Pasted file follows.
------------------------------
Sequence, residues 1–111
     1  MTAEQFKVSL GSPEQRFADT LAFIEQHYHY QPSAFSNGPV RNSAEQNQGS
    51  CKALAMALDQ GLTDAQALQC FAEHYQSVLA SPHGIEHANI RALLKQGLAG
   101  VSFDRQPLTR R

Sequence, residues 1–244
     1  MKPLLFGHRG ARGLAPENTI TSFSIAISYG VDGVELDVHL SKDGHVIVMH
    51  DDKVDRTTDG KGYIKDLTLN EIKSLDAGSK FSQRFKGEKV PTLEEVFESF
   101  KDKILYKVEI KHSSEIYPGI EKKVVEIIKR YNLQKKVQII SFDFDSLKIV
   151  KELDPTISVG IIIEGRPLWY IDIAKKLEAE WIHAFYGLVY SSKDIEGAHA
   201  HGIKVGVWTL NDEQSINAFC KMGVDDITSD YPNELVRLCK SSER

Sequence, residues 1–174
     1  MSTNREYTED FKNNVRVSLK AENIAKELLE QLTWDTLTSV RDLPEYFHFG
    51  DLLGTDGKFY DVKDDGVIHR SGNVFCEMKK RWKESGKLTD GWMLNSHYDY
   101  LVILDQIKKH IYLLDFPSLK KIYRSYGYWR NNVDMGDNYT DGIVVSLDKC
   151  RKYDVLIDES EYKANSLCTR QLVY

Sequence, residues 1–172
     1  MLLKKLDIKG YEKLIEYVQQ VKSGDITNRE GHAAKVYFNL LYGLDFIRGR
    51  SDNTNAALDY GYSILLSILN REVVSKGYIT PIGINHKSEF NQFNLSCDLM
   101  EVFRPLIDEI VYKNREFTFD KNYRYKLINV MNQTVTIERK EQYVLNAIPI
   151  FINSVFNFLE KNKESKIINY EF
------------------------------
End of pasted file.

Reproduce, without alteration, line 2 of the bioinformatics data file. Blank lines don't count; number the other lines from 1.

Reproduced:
     1  MTAEQFKVSL GSPEQRFADT LAFIEQHYHY QPSAFSNGPV RNSAEQNQGS